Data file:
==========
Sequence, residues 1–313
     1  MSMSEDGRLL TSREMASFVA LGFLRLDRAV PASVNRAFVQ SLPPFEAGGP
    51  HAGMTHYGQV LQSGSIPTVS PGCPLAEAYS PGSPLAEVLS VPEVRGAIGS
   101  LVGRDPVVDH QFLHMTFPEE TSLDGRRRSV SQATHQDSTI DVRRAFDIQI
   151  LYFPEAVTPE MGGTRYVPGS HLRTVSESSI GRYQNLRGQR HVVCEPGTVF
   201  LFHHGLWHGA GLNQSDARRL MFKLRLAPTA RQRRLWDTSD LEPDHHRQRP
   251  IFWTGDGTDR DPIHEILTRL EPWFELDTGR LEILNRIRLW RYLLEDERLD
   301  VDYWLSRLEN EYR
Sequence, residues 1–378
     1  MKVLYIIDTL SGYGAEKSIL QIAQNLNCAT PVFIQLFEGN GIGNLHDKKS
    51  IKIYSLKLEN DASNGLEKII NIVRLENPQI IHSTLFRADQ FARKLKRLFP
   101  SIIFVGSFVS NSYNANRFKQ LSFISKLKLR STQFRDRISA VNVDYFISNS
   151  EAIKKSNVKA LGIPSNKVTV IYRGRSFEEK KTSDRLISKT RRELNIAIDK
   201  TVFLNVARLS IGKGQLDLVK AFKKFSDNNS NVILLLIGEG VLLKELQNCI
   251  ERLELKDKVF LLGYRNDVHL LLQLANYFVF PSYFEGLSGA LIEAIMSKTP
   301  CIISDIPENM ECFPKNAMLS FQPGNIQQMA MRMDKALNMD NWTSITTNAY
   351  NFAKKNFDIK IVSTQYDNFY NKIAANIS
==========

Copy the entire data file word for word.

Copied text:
Sequence, residues 1–313
     1  MSMSEDGRLL TSREMASFVA LGFLRLDRAV PASVNRAFVQ SLPPFEAGGP
    51  HAGMTHYGQV LQSGSIPTVS PGCPLAEAYS PGSPLAEVLS VPEVRGAIGS
   101  LVGRDPVVDH QFLHMTFPEE TSLDGRRRSV SQATHQDSTI DVRRAFDIQI
   151  LYFPEAVTPE MGGTRYVPGS HLRTVSESSI GRYQNLRGQR HVVCEPGTVF
   201  LFHHGLWHGA GLNQSDARRL MFKLRLAPTA RQRRLWDTSD LEPDHHRQRP
   251  IFWTGDGTDR DPIHEILTRL EPWFELDTGR LEILNRIRLW RYLLEDERLD
   301  VDYWLSRLEN EYR
Sequence, residues 1–378
     1  MKVLYIIDTL SGYGAEKSIL QIAQNLNCAT PVFIQLFEGN GIGNLHDKKS
    51  IKIYSLKLEN DASNGLEKII NIVRLENPQI IHSTLFRADQ FARKLKRLFP
   101  SIIFVGSFVS NSYNANRFKQ LSFISKLKLR STQFRDRISA VNVDYFISNS
   151  EAIKKSNVKA LGIPSNKVTV IYRGRSFEEK KTSDRLISKT RRELNIAIDK
   201  TVFLNVARLS IGKGQLDLVK AFKKFSDNNS NVILLLIGEG VLLKELQNCI
   251  ERLELKDKVF LLGYRNDVHL LLQLANYFVF PSYFEGLSGA LIEAIMSKTP
   301  CIISDIPENM ECFPKNAMLS FQPGNIQQMA MRMDKALNMD NWTSITTNAY
   351  NFAKKNFDIK IVSTQYDNFY NKIAANIS